Now remember, when oncologists say the chance of RESPONSE is 25%, that does not mean “cure.” Too many people hear “cure” when the oncologist says “responds.” Oncologists should be required to say the cancer has a chance of shrinking with treatment, because that is what response really means.
So if I am going through a disease or treatment that may kill me, I want to use my last days wisely. Thankfully, I tell everyone in my life how much I love them, and don’t have a bucket list because I have made my life so full. The rest of my days will be the same as now, except I will eat more, exercise less, and rent a house at the beach.
Depending on my odds, I will increase my intake of Maytag Blue Cheese, Burger King vanilla milkshakes, and Krystal Burgers. So if you feel the need to do nice things for me, bring something along these lines to my beach rental.
If it is winter time, I would like Macallan 12 single malt Scotch or Grand Marnier.
In the summer, please make dirty martinis or rusty nails. Just a little each time, as I don’t want to be too blotto to enjoy my last days. Don’t give my husband too much food or alcohol, as he is required to be eye candy until I die.
If I can no longer speak for myself, please keep me comfortable. I want lots of good drugs. My biggest concern is keeping my mouth moist – I am addicted to plain Vaseline lip balm and I hate when my teeth dry out. My skin is kind of dry, so moisturizer will be nice. I like to shave my legs every day, and that might be a little too much so don’t worry about it.
Do not do anything that will keep me lingering – no feeding tubes, no antibiotics for infection, no surgery. Whatever can happen to make it quicker so I can move on to the next great adventure, please let it happen.
If I get into some accident where I can’t speak for myself, many of you have heard my golden rule – if the doctors say I will never be able to wipe my own butt again, do not let them do anything to prolong my life. If I can’t wipe my butt, it means either I won’t be able to use my brain or my hands, and for me, this is unacceptable. My brain and being active are so important to me.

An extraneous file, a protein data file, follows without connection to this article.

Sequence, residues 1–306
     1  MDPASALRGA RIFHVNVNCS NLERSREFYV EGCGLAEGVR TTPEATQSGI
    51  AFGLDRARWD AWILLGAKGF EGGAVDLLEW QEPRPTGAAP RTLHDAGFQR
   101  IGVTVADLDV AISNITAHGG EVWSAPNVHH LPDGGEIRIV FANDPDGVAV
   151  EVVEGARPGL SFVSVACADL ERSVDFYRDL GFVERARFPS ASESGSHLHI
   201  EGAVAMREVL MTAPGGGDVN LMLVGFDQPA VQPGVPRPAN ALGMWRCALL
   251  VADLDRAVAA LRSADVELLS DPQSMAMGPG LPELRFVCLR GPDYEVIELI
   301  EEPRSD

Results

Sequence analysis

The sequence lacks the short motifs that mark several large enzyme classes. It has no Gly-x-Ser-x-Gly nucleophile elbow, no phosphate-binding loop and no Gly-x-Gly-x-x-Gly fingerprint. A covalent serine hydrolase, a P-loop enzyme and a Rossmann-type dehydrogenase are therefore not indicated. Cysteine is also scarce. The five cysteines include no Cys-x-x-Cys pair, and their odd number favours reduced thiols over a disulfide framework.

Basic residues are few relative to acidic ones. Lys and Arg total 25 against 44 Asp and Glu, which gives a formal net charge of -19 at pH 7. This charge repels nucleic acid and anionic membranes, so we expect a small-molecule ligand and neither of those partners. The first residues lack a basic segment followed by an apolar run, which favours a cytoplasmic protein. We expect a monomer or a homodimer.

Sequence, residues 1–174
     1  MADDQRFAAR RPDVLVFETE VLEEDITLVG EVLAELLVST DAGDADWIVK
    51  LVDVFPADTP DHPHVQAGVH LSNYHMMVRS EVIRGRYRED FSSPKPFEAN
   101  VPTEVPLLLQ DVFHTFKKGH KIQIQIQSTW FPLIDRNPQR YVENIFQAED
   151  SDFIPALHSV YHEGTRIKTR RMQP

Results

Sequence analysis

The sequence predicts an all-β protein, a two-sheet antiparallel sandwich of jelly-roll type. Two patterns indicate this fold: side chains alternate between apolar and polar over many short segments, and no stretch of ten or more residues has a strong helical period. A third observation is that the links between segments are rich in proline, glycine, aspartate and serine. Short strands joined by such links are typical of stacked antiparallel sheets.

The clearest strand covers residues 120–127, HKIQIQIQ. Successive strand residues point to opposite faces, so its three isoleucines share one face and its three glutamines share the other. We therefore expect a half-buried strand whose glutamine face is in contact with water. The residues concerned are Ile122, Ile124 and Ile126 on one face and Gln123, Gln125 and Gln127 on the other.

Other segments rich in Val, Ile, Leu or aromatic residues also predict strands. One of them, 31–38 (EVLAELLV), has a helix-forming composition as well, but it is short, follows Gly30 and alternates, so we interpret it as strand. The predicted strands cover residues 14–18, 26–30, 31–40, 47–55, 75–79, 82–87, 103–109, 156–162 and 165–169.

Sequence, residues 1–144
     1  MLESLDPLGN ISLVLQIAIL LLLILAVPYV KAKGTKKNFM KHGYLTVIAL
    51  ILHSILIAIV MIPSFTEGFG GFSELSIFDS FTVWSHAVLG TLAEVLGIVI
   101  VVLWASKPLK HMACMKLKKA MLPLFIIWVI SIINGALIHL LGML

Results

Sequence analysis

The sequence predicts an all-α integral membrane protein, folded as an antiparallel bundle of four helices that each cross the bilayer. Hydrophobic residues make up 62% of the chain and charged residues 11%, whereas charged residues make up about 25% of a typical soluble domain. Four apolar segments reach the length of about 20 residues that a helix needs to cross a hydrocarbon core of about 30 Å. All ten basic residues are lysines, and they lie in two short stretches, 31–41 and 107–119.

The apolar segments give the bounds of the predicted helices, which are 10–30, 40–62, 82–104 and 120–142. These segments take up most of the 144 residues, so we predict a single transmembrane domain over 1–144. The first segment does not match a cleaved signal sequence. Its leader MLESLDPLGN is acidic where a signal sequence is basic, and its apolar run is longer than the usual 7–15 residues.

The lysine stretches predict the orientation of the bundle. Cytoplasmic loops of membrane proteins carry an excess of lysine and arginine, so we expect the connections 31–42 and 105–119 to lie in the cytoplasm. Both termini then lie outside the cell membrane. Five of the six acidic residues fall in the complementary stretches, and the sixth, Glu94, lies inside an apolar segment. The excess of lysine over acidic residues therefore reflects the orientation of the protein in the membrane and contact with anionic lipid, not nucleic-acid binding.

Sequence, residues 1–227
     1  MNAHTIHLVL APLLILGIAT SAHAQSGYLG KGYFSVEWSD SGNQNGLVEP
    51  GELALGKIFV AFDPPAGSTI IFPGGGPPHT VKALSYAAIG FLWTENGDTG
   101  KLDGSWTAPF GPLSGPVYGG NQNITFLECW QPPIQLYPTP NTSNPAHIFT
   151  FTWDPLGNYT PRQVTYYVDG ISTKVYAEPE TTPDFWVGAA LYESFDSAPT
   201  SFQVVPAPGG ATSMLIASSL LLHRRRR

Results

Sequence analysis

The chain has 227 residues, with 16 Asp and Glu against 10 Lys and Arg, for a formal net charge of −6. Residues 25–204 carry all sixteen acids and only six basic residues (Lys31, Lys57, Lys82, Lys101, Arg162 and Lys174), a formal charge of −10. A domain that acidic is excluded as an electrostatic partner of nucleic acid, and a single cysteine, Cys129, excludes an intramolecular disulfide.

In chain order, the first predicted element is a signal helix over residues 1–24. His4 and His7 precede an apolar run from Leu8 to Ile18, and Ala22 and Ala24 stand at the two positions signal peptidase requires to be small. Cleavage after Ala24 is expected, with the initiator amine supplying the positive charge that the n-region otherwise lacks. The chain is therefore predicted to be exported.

After I die, I want to be cremated, and my ashes spread somewhere beautiful. If my husband is alive, he can pick the place and have us both released at the same time – hopefully his new hot babe will agree to it. Maybe she’ll give me half his ashes and she can use the rest later. If not, I would like to be released off the pier behind Jorge’s house.
And for the people I love, I am happy for them to get together and have a big party to celebrate someone who lived life fully with great intention. Talk about how I challenged the world to be a better place. Share stories about my unbridled honesty. Laugh a lot. Most of all, at least for a day, share with each other how you are going to live an incredible life so you can look at death without an ounce of regret. I’m grateful I did.
Share your plans with others – it can make a difference. This is a start to spending our financial and emotional energy in more productive ways and doing our part to fix the system from the bottom up.